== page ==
This will amplify the signal at its best quality in your system and ensure
you make the most of the signal you have.

For the same reason as explained above, it would be technically better (but
aesthetically not better) to have 2 x 4m cables instead of one cable and
another splitter. In all reality, 4m of good quality, properly terminated
coax won't attenuate the signal too much.

The whole point of a power-pass socket is to allow the (usually) AC from the
amplifier's power supply to travel through the splitter without being
passed back to the other receivers you have plugged into the splitter.

Cheers,

Cam




Re: TV splitter/amplifier question.


Thanks to everyone for all the suggestions and helpfull references.

I've started by getting some RG6 Quad shield and I'll  replace all the
old cables and fittings and wire up as per the suggestions so far.

If that still isn't good enough I'll continue on to look at better
aerials and distribution systems then. Hopefully I'll get away with
the cheaper cable/fittings/configuration option, fingers crossed.

Now all I need to do is to get the f connector crimping technique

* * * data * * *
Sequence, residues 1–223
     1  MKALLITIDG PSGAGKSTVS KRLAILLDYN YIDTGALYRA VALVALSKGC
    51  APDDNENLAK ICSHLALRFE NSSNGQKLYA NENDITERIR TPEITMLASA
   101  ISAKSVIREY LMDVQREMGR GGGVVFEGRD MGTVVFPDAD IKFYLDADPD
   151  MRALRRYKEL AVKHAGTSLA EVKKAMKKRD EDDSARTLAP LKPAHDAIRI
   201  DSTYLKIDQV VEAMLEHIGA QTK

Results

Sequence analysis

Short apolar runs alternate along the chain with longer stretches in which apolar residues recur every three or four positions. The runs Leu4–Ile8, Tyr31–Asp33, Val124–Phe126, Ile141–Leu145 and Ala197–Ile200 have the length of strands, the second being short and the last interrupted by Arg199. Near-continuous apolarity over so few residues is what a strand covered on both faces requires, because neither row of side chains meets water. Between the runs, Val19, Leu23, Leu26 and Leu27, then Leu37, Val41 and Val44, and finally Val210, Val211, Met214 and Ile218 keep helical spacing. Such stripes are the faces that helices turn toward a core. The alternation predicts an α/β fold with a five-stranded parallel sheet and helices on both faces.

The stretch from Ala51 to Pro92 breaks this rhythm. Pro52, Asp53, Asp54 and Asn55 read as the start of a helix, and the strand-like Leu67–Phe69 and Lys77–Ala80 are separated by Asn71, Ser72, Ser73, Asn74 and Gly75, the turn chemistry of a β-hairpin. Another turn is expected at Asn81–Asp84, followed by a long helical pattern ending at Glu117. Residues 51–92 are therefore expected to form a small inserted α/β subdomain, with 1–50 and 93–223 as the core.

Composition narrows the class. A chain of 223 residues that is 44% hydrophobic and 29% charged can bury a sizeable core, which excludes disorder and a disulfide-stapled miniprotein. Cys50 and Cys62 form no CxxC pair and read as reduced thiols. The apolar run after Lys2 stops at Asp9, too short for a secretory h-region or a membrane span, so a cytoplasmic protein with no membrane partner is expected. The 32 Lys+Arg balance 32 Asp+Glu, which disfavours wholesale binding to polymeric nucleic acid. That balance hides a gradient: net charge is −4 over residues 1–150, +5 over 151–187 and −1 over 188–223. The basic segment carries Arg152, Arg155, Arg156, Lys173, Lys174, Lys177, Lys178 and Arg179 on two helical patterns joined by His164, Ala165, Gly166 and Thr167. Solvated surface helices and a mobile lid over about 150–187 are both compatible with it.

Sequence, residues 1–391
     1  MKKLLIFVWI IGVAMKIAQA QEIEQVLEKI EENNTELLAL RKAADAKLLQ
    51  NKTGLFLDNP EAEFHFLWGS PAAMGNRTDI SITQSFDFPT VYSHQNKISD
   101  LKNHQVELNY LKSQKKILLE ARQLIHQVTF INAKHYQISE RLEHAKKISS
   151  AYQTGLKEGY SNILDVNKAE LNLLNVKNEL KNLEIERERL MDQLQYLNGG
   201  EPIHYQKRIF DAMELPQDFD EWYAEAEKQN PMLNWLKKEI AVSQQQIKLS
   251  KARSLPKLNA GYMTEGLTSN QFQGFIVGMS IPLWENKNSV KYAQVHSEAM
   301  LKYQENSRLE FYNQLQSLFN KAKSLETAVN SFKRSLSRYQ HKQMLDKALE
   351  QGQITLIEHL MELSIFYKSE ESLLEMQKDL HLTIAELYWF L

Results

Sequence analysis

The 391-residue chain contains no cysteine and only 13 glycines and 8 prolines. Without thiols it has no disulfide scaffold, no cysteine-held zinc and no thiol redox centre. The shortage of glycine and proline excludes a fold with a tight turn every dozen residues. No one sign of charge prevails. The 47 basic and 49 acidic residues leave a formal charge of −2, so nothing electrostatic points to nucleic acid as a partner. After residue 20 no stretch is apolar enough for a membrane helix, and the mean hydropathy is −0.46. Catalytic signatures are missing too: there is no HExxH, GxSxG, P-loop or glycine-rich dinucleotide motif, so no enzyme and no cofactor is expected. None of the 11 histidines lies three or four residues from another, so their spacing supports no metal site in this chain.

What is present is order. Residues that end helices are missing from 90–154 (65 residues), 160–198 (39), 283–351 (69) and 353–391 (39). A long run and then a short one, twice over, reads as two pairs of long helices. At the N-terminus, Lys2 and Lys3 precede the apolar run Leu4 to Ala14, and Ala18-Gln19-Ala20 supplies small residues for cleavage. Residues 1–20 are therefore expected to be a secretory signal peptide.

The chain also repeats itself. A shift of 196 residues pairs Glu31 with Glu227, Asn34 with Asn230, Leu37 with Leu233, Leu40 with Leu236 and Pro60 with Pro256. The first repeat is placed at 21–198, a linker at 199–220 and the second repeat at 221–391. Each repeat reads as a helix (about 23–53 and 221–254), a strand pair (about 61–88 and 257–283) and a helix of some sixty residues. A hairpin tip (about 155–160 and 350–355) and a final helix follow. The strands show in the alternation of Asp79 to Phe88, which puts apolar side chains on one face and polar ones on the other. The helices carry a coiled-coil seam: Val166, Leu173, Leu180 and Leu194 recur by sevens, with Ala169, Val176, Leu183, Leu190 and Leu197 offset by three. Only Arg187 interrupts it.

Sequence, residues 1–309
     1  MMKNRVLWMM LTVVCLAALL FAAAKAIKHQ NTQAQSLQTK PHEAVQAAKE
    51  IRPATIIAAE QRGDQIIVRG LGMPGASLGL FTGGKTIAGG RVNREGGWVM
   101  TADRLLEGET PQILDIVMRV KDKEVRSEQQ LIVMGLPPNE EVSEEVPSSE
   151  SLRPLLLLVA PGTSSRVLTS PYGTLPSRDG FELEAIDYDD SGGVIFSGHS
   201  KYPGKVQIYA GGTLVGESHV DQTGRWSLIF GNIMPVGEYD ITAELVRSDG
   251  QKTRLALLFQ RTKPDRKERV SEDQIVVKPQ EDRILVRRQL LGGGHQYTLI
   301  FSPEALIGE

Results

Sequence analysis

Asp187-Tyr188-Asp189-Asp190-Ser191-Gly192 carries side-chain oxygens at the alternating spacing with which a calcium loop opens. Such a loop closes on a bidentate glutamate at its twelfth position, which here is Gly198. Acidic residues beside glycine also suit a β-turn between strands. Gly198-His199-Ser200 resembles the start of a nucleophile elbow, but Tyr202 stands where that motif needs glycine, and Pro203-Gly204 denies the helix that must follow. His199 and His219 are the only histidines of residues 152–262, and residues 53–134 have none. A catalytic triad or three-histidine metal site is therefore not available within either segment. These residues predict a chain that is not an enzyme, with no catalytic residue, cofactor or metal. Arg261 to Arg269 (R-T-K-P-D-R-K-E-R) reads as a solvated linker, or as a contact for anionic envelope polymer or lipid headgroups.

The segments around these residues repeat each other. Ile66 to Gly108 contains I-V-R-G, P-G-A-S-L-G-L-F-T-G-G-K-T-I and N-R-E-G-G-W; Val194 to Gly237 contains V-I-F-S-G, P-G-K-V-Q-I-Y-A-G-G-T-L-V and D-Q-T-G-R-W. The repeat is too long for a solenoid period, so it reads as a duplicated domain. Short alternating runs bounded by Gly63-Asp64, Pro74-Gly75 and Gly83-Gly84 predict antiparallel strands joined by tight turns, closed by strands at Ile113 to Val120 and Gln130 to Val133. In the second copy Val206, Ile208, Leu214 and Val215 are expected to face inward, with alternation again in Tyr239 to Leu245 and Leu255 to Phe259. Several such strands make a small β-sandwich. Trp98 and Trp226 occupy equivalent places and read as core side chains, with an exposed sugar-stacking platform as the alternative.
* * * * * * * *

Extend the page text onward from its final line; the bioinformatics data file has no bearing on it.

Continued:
right! I can't seem to get the central core central enough! I'm not
keen on buying any more tools for just 1/2 a dozen connections so
practice, practice  if my fingers can take many more  wire splinters.

If anyone else has been following this thread and will be doing
similar, I found the following on fitting the connectors to the coax.

http://www.interstateelectronics.com/howto/coaxterm.html

http://www.dba.org.au/uploads/documents/Consumer_D.I.Y._140802_amend.pdf

http://www.satcure.co.uk/tech/fconn.htm

Thanks again guys, much appreciated.

Re: TV splitter/amplifier question.


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About 1/2 way down see the two blade rotary strip tool , worth about
$25.00 and does the right cut everytime .
  most tool supply places will stock it .